ALOHA FROM JENNIE: A number of us seniors have active dogs who enjoy all that the islands have to offer, including grassy parks and sunny beaches. We recently discovered that our Hawaiian Humane Society and the 'Paws on the Path Hiking Club' coordinate a monthly hike for pooches, so I decided to take my relatively sedentary six year old basenji/boxer mix on a mountain hike.
The drive up to the windward side of Oahu is always pleasant, as you can see majestic lush mountains flanking the highway. We zip through various tunnels that have been cut into some of the mountains, as shown here.
We are heading for the Maunawili Ditch Trail, the initial three-mile leg of the longer ten mile Maunawili Demonstration Trail which extends all the way to the Pali region on East Oahu. The Maunawili Ditch portion starts in Waimanalo and allows hikers to meander through a lush forest at the bottom of the Koolau Mountain ranges.
Upon arriving at the staging area, my dog blends into a group of over three dozen humans and two dozen pups, with all the obligatory social sniffing that canines greet each other with.
The hike leader describes the Maunawili trail as a well marked path, easy for beginner hikers, and anticipates that the group will trot one and a half miles up to a circular turnaround and then come back down, resulting in a nice three mile trek for this newbie pair. As we enter the trail, we're quickly immersed in a forest of tall trees and dense green fauna.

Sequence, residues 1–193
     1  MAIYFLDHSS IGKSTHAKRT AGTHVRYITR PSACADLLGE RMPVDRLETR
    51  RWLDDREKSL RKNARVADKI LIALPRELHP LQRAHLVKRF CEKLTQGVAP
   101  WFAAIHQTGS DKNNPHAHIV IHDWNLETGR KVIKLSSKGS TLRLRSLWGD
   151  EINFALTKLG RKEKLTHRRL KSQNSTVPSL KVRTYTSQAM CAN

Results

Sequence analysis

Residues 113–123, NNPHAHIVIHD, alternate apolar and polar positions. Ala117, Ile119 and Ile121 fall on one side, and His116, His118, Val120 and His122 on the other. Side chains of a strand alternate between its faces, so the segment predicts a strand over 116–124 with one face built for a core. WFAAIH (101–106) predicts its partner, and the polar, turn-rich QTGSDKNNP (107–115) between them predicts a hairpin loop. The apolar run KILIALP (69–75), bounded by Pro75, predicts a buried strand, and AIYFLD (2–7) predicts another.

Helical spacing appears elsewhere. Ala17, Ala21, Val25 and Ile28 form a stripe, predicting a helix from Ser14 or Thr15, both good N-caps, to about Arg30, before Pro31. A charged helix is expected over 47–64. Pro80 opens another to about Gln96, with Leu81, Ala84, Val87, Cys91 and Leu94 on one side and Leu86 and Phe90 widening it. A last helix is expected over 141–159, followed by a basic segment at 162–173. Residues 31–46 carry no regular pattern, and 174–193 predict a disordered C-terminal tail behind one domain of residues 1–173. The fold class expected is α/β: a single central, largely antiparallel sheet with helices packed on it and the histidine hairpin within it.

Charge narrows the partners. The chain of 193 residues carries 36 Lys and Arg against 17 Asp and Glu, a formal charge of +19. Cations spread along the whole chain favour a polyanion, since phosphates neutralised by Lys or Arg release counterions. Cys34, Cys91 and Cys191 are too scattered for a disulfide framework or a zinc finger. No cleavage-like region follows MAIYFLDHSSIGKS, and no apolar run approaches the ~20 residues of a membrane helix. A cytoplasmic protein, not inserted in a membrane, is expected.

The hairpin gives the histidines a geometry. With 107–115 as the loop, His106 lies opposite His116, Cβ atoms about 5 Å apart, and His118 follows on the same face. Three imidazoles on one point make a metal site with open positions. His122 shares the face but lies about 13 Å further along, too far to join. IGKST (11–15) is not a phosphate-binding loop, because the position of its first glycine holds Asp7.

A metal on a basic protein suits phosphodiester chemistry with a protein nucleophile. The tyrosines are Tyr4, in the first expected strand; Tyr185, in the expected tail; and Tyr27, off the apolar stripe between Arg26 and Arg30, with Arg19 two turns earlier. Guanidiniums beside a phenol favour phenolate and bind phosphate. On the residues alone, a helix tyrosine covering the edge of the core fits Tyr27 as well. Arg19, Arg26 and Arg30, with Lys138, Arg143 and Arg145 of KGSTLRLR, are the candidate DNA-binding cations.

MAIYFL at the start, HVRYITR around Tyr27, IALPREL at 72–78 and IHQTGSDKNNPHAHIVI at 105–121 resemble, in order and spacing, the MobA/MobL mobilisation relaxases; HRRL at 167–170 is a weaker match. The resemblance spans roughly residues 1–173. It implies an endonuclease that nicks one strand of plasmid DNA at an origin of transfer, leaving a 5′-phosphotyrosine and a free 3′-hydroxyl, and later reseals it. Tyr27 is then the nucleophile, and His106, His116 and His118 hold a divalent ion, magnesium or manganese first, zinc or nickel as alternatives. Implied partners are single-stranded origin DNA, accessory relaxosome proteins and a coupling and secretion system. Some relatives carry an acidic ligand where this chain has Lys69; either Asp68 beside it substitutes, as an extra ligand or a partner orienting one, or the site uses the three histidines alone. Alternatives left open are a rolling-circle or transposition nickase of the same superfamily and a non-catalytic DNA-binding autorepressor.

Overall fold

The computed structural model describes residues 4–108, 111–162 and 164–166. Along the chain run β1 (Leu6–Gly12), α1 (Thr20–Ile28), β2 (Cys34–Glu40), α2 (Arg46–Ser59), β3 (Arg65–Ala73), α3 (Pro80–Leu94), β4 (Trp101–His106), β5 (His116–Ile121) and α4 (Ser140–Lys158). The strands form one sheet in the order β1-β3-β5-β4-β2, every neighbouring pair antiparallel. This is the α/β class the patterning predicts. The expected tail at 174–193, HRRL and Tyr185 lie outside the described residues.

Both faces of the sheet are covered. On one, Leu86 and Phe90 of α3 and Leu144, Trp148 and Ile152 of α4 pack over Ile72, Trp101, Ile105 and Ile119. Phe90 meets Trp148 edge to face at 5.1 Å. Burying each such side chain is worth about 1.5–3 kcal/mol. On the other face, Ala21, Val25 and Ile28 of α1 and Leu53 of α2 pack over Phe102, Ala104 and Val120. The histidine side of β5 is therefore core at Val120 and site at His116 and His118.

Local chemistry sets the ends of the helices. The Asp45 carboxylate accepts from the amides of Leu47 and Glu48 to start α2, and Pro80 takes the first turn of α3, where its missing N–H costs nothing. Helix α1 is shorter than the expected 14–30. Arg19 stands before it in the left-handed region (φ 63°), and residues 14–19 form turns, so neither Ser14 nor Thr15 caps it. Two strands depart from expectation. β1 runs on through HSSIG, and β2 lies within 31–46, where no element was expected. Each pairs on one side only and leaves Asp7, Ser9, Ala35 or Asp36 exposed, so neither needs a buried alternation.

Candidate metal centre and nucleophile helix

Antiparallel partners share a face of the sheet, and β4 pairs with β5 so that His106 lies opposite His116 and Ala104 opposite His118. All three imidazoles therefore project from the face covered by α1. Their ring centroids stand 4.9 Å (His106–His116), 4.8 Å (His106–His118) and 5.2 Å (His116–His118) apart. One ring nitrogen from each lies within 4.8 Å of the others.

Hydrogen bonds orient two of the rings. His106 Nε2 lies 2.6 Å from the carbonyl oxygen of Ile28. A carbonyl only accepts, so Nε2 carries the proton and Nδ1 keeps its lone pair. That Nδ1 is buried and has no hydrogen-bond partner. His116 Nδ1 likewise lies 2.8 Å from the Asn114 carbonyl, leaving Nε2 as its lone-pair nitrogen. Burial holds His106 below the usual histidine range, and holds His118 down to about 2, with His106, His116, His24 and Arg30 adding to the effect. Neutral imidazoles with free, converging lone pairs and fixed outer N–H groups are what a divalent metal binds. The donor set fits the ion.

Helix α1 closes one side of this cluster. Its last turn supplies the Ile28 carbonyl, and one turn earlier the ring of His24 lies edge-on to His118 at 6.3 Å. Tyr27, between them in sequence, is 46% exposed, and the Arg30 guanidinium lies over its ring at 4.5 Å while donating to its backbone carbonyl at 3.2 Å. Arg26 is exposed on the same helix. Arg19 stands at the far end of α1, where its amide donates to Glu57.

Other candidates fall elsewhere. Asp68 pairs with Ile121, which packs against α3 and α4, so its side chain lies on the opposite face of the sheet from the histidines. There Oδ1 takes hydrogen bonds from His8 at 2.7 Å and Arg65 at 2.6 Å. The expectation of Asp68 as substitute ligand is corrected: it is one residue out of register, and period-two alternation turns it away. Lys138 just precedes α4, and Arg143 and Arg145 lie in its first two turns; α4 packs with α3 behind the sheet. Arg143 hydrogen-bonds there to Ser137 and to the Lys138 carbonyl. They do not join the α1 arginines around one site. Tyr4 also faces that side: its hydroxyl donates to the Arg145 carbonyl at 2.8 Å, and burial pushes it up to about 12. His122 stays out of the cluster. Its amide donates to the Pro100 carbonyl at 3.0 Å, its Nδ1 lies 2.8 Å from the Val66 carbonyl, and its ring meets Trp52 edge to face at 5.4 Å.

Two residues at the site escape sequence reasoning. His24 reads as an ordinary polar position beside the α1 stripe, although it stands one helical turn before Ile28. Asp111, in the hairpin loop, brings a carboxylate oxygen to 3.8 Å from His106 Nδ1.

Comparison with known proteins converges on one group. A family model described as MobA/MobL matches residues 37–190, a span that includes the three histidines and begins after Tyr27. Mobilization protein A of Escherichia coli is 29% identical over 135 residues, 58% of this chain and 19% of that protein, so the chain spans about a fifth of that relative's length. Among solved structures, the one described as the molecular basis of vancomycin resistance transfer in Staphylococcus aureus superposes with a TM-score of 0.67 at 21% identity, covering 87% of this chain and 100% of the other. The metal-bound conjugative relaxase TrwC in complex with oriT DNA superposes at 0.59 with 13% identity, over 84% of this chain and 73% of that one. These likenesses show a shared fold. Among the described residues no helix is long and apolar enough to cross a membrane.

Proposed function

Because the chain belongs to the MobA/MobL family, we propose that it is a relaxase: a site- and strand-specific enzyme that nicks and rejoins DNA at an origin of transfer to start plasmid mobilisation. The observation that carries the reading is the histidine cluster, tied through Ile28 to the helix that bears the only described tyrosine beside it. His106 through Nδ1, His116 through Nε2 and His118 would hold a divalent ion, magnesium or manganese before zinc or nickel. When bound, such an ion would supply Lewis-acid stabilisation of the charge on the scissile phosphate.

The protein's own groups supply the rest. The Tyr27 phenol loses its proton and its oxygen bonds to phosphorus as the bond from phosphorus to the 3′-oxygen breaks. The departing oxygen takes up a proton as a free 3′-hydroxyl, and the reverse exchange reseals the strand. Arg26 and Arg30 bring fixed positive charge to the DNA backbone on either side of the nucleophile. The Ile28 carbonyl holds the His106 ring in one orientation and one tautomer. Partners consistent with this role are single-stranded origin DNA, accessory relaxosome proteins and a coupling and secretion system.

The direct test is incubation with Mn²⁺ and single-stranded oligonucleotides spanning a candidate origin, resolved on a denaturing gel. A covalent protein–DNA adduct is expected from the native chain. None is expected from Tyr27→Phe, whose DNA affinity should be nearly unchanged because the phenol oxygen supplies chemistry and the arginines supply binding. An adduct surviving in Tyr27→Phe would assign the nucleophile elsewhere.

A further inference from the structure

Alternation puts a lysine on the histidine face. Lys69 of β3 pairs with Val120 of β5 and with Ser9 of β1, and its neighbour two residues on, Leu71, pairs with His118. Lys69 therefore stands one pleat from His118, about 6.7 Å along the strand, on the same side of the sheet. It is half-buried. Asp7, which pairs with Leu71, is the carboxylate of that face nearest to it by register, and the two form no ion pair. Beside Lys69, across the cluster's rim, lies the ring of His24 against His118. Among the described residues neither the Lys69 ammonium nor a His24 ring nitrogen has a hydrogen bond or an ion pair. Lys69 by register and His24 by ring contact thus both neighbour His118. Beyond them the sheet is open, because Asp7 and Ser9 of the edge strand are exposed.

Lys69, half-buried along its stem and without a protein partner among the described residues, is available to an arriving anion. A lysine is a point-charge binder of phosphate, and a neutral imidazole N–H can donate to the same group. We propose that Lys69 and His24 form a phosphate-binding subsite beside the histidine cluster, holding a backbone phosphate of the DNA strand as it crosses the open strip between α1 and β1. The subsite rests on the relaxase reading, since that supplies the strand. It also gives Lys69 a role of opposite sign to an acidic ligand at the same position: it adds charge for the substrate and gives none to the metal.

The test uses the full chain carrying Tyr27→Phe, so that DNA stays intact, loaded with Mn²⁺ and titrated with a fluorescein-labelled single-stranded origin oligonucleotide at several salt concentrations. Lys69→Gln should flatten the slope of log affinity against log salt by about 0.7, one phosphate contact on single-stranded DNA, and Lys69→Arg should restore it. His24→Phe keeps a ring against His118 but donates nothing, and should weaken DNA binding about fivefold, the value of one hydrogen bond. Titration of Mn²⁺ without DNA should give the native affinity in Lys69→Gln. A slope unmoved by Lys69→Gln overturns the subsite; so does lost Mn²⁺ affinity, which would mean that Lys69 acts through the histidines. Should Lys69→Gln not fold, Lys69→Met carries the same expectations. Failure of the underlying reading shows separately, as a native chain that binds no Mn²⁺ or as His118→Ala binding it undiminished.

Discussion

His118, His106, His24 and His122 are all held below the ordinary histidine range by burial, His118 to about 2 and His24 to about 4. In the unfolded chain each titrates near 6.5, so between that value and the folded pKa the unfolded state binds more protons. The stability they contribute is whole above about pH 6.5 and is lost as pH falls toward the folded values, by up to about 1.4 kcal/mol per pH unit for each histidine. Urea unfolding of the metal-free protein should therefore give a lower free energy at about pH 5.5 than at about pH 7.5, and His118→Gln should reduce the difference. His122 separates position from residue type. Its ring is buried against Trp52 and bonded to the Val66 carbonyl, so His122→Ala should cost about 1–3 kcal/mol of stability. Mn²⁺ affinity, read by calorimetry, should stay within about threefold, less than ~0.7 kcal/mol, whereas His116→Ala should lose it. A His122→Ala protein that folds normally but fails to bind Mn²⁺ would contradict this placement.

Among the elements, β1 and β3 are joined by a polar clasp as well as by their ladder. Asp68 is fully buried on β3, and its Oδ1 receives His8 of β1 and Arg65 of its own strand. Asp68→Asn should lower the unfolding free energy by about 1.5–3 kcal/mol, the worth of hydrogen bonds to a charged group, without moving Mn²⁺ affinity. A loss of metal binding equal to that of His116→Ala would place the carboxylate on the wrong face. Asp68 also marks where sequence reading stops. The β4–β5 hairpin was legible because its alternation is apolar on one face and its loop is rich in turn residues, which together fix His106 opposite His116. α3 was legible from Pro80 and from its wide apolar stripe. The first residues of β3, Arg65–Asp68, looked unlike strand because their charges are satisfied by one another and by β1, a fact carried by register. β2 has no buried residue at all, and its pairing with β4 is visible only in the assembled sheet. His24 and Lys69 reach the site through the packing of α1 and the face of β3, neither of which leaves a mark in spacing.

The dogs quickly adapt to the pack's procession, heading upwards on the inclining trail. Some parts of the path are quite wide, while other areas are narrow, and there are portions of the trail that slope towards the edge. A slight drizzle keeps the air moist and visibility is hazy.
Everyone trudges past the tall trees, taking care to clamber over all the tree roots and rocks that litter the path, and enjoying the distant hazy views. Here's a four minute video that gives you a feel for the pace and scenery.
The return leg of the hike goes briskly, since it's downhill most of the way. Moderate rain is now falling, which changes the cool mist to a watery drizzle, creating a brown mud carpet throughout the trail. Everyone concentrates on stepping over branches, rocks and roots without losing one's footing. The showers let up slightly as we reach our cars, so we're able to towel mud off the damp pooches. Rain continues on the drive home, with a tired dog content to watch the mists drift past the car window. A hot shower, hearty meal and long nap awaits the canine trekker at home.
Hope that you've enjoyed this glimpse into our puppy hiking adventure, and that you'll share the outings that are enjoyed by the dogs in your neck of the woods.